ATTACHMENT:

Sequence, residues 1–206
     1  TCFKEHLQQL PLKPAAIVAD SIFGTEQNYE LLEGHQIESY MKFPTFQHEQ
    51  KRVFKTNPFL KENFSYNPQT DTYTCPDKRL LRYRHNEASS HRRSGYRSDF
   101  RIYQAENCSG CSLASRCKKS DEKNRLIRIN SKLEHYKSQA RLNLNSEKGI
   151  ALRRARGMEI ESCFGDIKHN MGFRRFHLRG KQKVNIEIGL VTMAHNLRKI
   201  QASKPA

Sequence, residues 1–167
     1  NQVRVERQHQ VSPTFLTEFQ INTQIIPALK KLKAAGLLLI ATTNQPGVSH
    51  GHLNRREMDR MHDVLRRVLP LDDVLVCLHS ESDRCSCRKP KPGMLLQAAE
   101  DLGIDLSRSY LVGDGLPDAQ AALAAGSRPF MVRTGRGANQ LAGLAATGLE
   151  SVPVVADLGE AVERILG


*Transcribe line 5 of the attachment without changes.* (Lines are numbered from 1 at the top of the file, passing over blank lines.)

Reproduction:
   151  ALRRARGMEI ESCFGDIKHN MGFRRFHLRG KQKVNIEIGL VTMAHNLRKI